The best details in the book are the ones in which the families are always connected to each other --- so and so’s cousin in Perth Amboy, so-and-so’s brother-in-law on Long Island. Those connections not only bring different generations into contact with each other, they remind us of the interconnectedness of all the people who live in this part of the country. New Jersey is the most densely populated state in the U.S. and always seems to have been that way. This means that an airplane crash and the deaths of the people in those crashes resonate in tsunami waves across one community after another, because of those connections. Miri and her family, and the other families in this story, feel those waves for many years to come. Reading this, I was reminded of my train commute post-9/11, where the cars of the dead stayed parked in parking lots at train stations all up and down the Northeast Corridor, a hard-metal reminder of the lives that had gone up in smoke that horrible day. That’s what it’s like when you live in a place with millions of other people right next to you.

Through Miri’s eyes, we relive this experience --- the tragedies, the families left behind by the deceased, the complicated legal situations that sat on the shoulders of generations of family members --- and the resolutions a long time in coming that reflect the kind of sturm und drang that 9/11-affected families and Superstorm Sandy survivors continue to experience: life insurance policies, lawsuits, all the things that go into rebuilding a life when a family has been struck by tragedy. From the history of this small city comes a story that literally quakes with similarities to all the other disasters that generations of people are trying to resolve in New Jersey and places just like it.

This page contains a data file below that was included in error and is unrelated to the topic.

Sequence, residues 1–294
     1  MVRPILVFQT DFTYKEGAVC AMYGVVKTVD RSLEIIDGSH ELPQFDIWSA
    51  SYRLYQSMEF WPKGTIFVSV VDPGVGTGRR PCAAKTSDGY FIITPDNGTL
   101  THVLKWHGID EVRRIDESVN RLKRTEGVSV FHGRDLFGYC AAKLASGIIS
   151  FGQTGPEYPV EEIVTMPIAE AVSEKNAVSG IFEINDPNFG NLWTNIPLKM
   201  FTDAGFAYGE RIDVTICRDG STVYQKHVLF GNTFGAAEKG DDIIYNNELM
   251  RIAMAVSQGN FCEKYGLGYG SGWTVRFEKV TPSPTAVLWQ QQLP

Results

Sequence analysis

Blume loves New Jersey, the Eastern Seaboard and all the places in it. She loves the hustle and bustle of the busy streets and the excitement that comes from living so close to one of the greatest cities in the world. She imbues this book with all that love and excitement, and readers will take Miri to heart. She represents so much --- how one way of life is cracked and then turns into another, the way that one person’s tragedy affects everyone that individual encounters, the way history shapes our lives for better or for worse.

IN THE UNLIKELY EVENT is a wonderful book, a parable of life in America post-9/11. It is by going backwards that Blume helps us accept that the wounds of yesterday will heal, but the lessons learned in the healing will have a profound effect on everything to come after it. Without being too on point, Blume has perhaps fashioned the best post-9/11 book written so far. And for those of us who live in the shadow of the downed towers, and remember that fateful day in a way that others around the country may not, it is an exceptionally deep and uplifting portrait of what survival looks like and how it gently reshapes the face of the future forever.

Blume has written more than just a beach read here. This is a Philip Roth-type depiction of a life that can be interpreted through the lens of so many intense situations like it across the years. As one of the characters says, “I’m just saying our government doesn’t want us to know the truth.” Maybe the government does not, but Judy Blume does. So crack the spine and LISTEN. There’s something important going on here.

Reviewed by Jana Siciliano on June 5, 2015

In the Unlikely Event
by Judy Blume

  • Publication Date: May 3, 2016
  • Genres: Fiction
  • Paperback: 512 pages
  • Publisher: Vintage
  • ISBN-10: 1101873981
  • ISBN-13: 9781101873984